Alan J. Pakula, who enjoyed acclaim as both a producer (“To Kill a Mockingbird,” “Up the Down Staircase”) and director (“Klute,” “All the President’s Men,” “Sophie’s Choice”), died Thursday in a car accident on the Long Island Expressway. He was 70.

Pakula lost control of his 1995 Volvo when a metal pipe crashed through the windshield and hit him, causing him to crash into a fence. He was pronounced dead at North Shore Hospital in Plainview, N.Y.

Police theorized the pipe had been lying in the roadway and that the car ahead of Pakula’s sent it flying.

The soft-spoken and introspective filmmaker in the last few years was headquartered in New York City after many decades in Los Angeles. At the time of his death, he was working on the script for “No Ordinary Time,” based on Doris Kearns Goodwin’s Pulitzer Prize-winning book about Franklin and Eleanor Roosevelt, which he also planned to direct.

Popular on Variety

Starting with the 1957 movie “Fear Strikes Out,” he worked as a producer teamed with director Robert Mulligan. He made his debut as a director with 1969’s “The Sterile Cuckoo,” eventually helming 16 films, and producing the majority of them. In addition, he scripted four of his directing efforts: “Sophie’s Choice” (1982), “See You in the Morning” (1989), “Presumed Innocent” (1990) and “The Pelican Brief” (1993). His last film was last year’s “The Devil’s Own,” starring Harrison Ford and Brad Pitt.

Pakula was known as an actor’s director, for pulling award-caliber performances from his casts. He was responsible for the first of Jane Fonda’s Oscars for “Klute,” Jason Robards’ for “All the President’s Men” and Meryl Streep’s second Academy Award for “Sophie’s Choice.” He also turned around the career of Candice Bergen with her Oscar-nominated turn in the comedy “Starting Over” in 1979.

Perf over style

His films covered a wide spectrum of genres and, though they varied in quality, all featured strong production values, high-profile casts and thoughtful subject matters. While they were stylish, they were never self-consciously so: Pakula once said if the style got in the way of the performances, he would tone it down.

Pakula began his film career, curiously, in the executive suite. He was born on April 7, 1928, in the Bronx, and grew up on Long Island and Manhattan. After he graduated from Yale U. in 1948, he went to Hollywood as an assistant in the cartoon department at Warner Bros. While at WB, he directed the Los Angeles Circle Theatre production of “Antigone.” It was seen by producer-director-writer Don Hartman, who, in 1950, hired Pakula to read scripts for him at MGM. When Hartman became head of production at Paramount, he took Pakula with him. Under the tutelage of Dore Schary, by 1956, Pakula had started his own production company.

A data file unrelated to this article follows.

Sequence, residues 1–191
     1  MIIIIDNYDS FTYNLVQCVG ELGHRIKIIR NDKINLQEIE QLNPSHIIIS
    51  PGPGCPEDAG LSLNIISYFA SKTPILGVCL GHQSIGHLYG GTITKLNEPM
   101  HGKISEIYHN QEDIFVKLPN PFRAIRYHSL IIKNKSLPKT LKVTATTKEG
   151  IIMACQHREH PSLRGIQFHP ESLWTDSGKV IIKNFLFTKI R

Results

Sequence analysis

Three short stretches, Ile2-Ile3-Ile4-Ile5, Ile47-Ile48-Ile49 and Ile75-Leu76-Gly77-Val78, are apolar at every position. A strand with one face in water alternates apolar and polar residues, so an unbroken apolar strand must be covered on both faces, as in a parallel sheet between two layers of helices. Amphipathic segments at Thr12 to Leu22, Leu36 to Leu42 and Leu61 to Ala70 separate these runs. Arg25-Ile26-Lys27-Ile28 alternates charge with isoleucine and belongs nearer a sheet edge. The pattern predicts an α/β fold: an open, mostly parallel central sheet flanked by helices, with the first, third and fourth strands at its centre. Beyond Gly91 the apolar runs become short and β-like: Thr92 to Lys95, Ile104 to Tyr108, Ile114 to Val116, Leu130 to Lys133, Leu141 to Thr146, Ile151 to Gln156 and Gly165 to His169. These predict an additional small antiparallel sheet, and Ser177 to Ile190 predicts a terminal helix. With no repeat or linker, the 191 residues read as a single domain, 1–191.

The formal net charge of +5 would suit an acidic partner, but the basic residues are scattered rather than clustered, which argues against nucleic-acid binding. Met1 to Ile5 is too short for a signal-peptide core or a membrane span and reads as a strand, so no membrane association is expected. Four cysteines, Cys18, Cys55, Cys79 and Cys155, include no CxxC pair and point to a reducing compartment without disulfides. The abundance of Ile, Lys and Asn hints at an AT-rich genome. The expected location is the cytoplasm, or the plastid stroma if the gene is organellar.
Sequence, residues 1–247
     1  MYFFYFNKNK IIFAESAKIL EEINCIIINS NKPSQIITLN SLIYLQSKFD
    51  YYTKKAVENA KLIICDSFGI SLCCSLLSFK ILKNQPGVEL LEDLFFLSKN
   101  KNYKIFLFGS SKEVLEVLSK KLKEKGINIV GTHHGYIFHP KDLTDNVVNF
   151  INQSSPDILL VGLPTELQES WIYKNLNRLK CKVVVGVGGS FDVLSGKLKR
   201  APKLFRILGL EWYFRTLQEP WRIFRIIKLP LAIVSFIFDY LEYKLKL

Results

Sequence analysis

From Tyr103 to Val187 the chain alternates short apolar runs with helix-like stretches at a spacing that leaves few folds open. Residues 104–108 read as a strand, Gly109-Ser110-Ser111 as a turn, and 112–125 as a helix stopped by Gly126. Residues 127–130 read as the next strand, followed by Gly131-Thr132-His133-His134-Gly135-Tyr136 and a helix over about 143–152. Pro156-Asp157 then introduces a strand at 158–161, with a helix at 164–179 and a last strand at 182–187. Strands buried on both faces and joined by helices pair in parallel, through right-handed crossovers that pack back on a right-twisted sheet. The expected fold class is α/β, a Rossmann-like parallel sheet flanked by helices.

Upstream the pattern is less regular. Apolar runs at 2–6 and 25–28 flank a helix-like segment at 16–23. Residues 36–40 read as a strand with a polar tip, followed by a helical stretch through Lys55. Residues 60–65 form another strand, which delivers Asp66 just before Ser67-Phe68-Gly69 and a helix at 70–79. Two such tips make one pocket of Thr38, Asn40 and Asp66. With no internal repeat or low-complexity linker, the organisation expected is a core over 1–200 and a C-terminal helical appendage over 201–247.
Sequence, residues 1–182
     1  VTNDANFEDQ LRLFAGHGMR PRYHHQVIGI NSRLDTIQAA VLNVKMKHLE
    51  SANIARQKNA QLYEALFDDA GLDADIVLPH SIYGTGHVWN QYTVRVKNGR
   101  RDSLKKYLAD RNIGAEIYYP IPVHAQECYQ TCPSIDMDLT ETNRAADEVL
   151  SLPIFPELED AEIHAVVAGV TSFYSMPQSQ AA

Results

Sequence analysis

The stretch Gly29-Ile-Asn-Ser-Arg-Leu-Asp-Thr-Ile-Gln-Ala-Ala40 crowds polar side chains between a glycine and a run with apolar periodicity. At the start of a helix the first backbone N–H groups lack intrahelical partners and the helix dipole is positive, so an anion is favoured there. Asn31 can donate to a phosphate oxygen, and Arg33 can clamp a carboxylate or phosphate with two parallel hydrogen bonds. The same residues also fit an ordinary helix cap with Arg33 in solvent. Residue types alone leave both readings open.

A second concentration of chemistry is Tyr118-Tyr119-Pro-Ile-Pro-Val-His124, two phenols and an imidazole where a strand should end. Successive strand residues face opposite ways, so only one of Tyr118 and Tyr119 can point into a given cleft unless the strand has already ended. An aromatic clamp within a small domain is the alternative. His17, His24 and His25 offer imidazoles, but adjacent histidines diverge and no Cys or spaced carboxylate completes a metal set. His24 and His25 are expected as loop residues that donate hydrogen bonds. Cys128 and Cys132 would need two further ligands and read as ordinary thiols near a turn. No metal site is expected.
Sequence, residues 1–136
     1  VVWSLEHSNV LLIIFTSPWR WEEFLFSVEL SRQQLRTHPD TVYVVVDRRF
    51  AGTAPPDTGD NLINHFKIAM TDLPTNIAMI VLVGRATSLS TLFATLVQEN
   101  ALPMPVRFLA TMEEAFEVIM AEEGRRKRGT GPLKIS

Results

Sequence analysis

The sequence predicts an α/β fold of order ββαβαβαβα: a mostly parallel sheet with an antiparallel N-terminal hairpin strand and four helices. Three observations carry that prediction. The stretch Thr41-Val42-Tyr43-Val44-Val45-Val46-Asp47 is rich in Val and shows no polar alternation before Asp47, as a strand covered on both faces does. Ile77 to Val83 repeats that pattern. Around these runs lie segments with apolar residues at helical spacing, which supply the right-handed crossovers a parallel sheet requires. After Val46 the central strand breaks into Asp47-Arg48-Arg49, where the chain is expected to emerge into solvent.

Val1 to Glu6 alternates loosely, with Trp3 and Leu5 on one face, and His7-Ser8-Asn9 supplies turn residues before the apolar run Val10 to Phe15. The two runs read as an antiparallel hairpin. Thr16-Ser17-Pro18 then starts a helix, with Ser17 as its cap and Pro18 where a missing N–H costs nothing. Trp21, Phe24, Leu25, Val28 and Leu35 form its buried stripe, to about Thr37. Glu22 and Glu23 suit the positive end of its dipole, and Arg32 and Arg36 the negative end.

His first project was “Fear Strikes Out,” the struggle of baseball player Jim Piersall, who was played by Anthony Perkins. He signed a young television director, Robert Mulligan, to helm. After the film’s success in 1957, they formed Pakula-Mulligan Prods.

Their biggest hit was 1962’s “Mockingbird.” They also did well with the Natalie Wood/Steve McQueen dramatic romance “Love With the Proper Stranger.”

In 1969, Pakula began his own directing career with the quirky “The Sterile Cuckoo,” Liza Minnelli’s first major vehicle. His second movie, in 1971, based on an original screenplay and shot by his frequent collaborator, cinematographer Gordon Willis, was “Klute” with Fonda and Donald Sutherland.

“Love and Pain and the Whole Damn Thing” got poor notices and did little business, as was true of his conspiracy thriller “The Parallax View” in 1974, though the film has gathered fans and critical recognition over the years.

The following year, Pakula made what some consider his finest film, “All the President’s Men,” about the uncovering of the Watergate scandal. Starring Robert Redford and Dustin Hoffman, the film brought him an Oscar nomination and a best director citation from the New York Film Critics Circle.

Pakula’s next couple of films with Fonda, “Comes a Horseman” and “Rollover,” were poorly received, though “Starting Over” in 1979 with Burt Reynolds, Jill Clayburgh and Bergen, based on Dan Wakefield’s novel, benefited from a strong comedic script by James L. Brooks.

In 1982, Pakula regained some of his luster with a self-penned adaptation of William Styron’s “Sophie’s Choice.”

Pakula’s next three films, “Dream Lover,” “Orphans” and “See You in the Morning,” were among Pakula’s weakest. Then he rebounded with the Scott Turow thriller “Presumed Innocent,” (which he also co-wrote) starring Harrison Ford, which was a major hit in 1990. His 1993 adaptation of John Grisham’s “The Pelican Brief” starring Julia Roberts was his highest-grossing movie ever, topping $100 million.

Pakula was married to actress Hope Lange from 1963-69 and then author Hannah Cohn Boorstin in 1973. Though he never had children of his own, he helped raise Lange’s two children by actor Don Murray and Boorstin’s three children from a former marriage.

Survivors include wife Hannah, stepchildren Robert Boorstin, Louis Boorstin, Anna Boorstin Brugge, Chris Murray and Patricia Murray, and six grandchildren.

(Timothy Gray contributed to this report.)